Political motives become increasingly self-interested with a growing medical economy:

With patients forced to spend substantial amounts of money on additional treatments a socially divisive element is introduced where their ability to afford such is determined by their social position. In Australia both state and federal governments have politicized medicine and the healthcare system in return for short term political gain, subsequently altering the medical landscape. With overwhelming and increasing investment in treatment, rather than prevention of illness, governments are able to maintain short term satisfaction with voters. Governments are hardly prepared to make sizable investment in preventative programs which the effects, if even noticed at all, would arise well after their term in government. Since lower social classes experience the greatest susceptibility to disease and illness the lack of preventative measures furthermore makes this a socially divisive issue. A medical – industrial complex contributes significantly to the degradation of the idea of health, as motivations alter.

Consequently, the idea of a medical-industrial complex where the state contributes to the monopolistic tendencies of medical companies exemplifies the Marxist claim that just because medicine is organized as a national system of healthcare it is not necessarily free from capitalist influence.

The effects of capitalism are profound on how we define health and contributes significantly to the evolving motivations for practicing medicine:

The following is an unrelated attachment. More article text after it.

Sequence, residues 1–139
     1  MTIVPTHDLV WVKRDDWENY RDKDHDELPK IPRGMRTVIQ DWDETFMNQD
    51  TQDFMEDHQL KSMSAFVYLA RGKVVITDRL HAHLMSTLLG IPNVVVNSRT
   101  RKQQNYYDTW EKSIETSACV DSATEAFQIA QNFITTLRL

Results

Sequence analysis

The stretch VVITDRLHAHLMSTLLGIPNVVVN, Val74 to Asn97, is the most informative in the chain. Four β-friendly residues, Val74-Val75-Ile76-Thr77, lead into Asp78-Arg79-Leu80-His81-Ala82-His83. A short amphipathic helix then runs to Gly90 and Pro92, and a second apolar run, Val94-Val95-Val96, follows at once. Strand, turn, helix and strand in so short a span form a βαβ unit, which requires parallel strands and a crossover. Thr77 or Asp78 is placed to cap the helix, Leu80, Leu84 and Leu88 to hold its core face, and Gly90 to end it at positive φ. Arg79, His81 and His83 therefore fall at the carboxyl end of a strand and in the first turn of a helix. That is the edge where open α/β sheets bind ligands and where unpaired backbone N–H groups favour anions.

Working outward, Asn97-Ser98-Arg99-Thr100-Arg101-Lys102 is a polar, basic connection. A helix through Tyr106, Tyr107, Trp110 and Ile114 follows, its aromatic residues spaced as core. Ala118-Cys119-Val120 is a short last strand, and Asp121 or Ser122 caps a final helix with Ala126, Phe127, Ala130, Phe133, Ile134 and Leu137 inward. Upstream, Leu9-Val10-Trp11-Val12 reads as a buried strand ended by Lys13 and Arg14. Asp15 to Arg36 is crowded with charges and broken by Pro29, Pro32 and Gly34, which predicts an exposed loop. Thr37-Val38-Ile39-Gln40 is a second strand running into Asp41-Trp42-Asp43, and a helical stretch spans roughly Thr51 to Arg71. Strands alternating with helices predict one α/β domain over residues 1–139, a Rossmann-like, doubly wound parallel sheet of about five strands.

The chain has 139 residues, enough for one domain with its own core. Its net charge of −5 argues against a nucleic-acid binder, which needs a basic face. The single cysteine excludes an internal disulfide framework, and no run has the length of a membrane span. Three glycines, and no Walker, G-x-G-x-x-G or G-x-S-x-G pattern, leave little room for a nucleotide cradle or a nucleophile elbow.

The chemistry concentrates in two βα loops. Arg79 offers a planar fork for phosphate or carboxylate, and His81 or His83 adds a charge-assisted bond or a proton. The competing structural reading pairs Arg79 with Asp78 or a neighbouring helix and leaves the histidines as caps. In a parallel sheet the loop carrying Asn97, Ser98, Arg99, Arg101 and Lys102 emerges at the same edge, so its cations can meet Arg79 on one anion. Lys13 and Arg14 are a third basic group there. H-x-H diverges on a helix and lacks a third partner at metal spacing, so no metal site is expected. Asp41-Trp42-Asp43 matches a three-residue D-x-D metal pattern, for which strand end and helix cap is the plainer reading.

In our highly commercialized society medicine has become yet another commodity exploited by large corporations for profit. Because of the economically lucrative nature of medicine, providing healthcare has become a socially divisive yet fundamental need. With increasing medical capital and a developing Medical-Industrial Complex, Marxist theory provides a critique on the exploitative nature of capitalism and its effects on the evolving motivations for providing healthcare for profit.

 

 

 

A serious threat to humanity – the rise of Antibiotic Resistance and the ‘superbug’

The evolution of bacteria is outpacing our ability to research new antibioticsThe single greatest threat to the world’s health care over the coming decade is the rise of the ‘super-bug’:

These are resistant bacteria which are able to withstand antimicrobial medicines including antibiotics, antifungals, antivirals and antimalarials

“Some bacteria are now so resistant that they are virtually untreatable with any of the currently available drugs. If we do not take action to address this threat, humankind will be on the brink of a post antibiotic era, where untreatable and fatal infections become increasingly common” – Simon Prasad and Phillippa Smith, Australian Office of the Chief Scientist.